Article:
CLARK ART INSTITUTE FELLOW TO PRESENT LECTURE ON JOHN SINGER SARGENT

February 6, 2019
 
Williamstown, Massachusetts—Clark Art Institute Fellow Susan Sidlauskas presents the free lecture “John Singer Sargent and the Matter of Paint” on Tuesday, February 19 at 5:30 pm. The lecture, presented by the Clark’s Research and Academic Program, will be held in the auditorium, located in the Manton Research Center.

The cosmopolitan son of a physician, John Singer Sargent (American, 1856–1925) dissolved the distinctions among fabric, flesh, and paint with the pictorial equivalent of dissection and its counter-activities: masking, binding, suturing, folding, and wrapping, sometimes within the very same figure. The artist was not simply painting the Gilded Age finery. He was reconstituting skin, hair, and fabric as other, more ambiguous substances.  

Susan Sidlauskas teaches the history and theory of modern art at Rutgers University, where she also co-directs a research seminar on the Medical Humanities at the Center for Cultural Analysis. She is at work on a study of the medical portrait: Anglo-American patients’ photographs, c. 1885–1945, and the author of Body, Place and Self in Nineteenth-Century PaintingCézanne’s Other: The Portraits of Hortense, winner of the Robert Motherwell Book Prize from the Dedalus Foundation; and Striking Resemblance, with Donna Gustafson. She was a Guggenheim Fellow in 2014. At the Clark, Sidlauskas intends to complete her book, John Singer Sargent and the Physics of Touch.

ABOUT THE CLARK

The Clark Art Institute, located in the Berkshires of western Massachusetts, is one of a small number of institutions globally that is both an art museum and a center for research, critical discussion, and higher education in the visual arts. Opened in 1955, the Clark houses exceptional European and American paintings and sculpture, extensive collections of master prints and drawings, English silver, and early photography. Acting as convener through its Research and Academic Program, the Clark gathers an international community of scholars to participate in a lively program of conferences, colloquia, and workshops on topics of vital importance to the visual arts. The Clark library, consisting of more than 275,000 volumes, is one of the nation’s premier art history libraries. The Clark also houses and co-sponsors the Williams College Graduate Program in the History of Art.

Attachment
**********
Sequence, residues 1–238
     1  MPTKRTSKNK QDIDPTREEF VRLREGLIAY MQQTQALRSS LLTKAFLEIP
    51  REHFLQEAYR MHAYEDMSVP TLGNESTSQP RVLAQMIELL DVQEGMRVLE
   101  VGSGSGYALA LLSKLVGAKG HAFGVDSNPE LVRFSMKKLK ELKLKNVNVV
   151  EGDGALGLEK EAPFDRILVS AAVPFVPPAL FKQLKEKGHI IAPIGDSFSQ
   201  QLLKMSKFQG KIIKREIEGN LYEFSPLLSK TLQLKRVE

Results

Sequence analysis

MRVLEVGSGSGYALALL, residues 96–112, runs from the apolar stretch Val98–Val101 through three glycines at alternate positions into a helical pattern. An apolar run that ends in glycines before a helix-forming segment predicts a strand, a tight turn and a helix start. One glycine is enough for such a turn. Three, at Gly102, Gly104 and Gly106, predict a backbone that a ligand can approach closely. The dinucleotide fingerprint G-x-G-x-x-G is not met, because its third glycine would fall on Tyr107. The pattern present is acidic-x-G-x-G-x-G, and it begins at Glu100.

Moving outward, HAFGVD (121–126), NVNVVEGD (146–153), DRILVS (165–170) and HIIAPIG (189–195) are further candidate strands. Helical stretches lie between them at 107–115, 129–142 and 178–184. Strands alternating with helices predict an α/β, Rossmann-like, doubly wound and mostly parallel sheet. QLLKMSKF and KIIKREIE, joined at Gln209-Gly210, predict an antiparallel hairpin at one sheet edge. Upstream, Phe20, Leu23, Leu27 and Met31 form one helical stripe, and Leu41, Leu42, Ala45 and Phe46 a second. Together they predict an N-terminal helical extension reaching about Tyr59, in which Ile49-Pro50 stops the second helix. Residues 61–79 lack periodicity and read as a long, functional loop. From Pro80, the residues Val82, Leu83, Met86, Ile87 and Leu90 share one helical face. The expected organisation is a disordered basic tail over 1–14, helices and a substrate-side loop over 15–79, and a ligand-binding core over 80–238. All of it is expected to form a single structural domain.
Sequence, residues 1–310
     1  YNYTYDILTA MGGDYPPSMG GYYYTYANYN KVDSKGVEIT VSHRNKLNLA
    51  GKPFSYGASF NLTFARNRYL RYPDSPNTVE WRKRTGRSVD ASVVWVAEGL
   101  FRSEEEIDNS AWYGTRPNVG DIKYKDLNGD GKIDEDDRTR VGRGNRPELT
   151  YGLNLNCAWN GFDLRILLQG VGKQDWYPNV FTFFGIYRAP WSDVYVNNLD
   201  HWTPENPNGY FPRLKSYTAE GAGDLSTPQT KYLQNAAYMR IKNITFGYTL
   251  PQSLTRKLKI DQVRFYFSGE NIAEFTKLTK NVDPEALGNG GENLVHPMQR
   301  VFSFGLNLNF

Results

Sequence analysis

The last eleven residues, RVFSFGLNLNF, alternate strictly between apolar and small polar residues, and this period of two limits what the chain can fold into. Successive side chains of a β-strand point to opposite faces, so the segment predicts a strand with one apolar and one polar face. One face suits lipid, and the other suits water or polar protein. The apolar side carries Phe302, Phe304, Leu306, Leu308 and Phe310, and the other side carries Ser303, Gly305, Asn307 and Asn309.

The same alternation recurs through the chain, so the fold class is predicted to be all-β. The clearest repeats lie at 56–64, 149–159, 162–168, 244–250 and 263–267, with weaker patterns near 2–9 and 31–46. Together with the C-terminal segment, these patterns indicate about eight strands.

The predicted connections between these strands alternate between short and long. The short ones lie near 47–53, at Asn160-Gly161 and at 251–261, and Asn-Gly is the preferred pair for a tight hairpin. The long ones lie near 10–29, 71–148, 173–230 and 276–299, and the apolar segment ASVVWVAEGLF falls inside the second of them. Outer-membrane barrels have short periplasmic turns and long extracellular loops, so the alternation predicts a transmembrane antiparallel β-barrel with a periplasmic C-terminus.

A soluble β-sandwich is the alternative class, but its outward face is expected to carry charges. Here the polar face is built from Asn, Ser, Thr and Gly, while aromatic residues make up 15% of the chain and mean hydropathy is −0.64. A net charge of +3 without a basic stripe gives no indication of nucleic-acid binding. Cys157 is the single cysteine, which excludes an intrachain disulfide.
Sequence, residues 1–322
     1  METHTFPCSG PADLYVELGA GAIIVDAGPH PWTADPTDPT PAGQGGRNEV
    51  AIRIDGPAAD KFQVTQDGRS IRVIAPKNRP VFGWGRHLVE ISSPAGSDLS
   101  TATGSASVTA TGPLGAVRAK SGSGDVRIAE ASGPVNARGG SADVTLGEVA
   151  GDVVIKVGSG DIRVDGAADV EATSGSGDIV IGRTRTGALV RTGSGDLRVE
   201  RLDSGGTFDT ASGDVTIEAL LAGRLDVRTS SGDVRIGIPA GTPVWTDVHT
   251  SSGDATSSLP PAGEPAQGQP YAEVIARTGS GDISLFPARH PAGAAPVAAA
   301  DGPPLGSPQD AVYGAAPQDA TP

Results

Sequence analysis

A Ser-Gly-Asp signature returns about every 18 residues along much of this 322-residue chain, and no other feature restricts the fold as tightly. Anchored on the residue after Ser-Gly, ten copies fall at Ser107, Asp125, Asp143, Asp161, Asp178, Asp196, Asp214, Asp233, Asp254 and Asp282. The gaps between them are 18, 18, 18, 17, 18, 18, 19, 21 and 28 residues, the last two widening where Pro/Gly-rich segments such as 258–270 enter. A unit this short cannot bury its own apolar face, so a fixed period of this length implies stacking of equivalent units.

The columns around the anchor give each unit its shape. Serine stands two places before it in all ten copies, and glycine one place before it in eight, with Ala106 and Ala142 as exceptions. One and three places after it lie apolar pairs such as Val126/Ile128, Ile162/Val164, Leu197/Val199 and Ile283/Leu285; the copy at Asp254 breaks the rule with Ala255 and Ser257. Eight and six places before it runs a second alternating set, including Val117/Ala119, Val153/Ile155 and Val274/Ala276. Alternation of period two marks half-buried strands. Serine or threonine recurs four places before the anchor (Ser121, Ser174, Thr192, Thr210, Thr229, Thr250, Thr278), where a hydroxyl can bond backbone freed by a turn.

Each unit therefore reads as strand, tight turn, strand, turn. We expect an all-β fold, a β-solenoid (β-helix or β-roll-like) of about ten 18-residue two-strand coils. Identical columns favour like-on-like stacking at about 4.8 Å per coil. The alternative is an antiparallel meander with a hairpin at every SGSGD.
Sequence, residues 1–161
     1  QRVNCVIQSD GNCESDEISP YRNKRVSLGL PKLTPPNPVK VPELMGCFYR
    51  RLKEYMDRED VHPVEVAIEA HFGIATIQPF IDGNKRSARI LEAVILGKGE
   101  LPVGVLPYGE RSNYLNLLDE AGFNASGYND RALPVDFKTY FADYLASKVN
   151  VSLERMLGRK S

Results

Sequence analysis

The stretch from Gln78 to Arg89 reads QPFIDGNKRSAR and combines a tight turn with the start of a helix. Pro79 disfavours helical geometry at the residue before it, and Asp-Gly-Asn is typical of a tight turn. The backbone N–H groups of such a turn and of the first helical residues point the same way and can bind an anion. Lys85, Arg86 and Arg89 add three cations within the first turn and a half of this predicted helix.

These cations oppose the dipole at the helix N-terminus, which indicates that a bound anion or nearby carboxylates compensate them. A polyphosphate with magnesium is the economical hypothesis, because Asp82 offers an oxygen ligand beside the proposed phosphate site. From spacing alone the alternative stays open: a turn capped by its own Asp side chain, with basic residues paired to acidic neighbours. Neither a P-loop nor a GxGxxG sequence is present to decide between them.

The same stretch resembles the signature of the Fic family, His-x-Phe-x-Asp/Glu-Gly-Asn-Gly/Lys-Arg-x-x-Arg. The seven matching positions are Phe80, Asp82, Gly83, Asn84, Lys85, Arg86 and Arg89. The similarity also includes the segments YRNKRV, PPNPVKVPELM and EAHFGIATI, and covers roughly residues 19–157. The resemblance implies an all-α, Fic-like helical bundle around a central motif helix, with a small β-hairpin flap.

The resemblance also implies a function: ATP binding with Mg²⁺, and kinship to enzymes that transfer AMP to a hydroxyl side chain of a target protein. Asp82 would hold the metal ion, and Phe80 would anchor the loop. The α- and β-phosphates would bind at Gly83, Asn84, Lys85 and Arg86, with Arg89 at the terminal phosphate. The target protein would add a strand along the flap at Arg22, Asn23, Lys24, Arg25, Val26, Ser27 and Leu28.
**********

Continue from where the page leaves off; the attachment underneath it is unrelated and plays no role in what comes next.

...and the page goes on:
The Clark, which has a three-star rating in the Michelin Green Guide, is located at 225 South Street in Williamstown, Massachusetts. Galleries are open Tuesday through Sunday, 10 am to 5 pm; open daily in July and August. Admission is $20; free year-round for Clark members, children 18 and younger, and students with valid ID. Free admission is available through several programs, including First Sundays Free; a local library pass program; EBT Card to Culture; and Blue Star Museums. For more information on these programs and more, visit clarkart.edu or call 413 458 2303.
 
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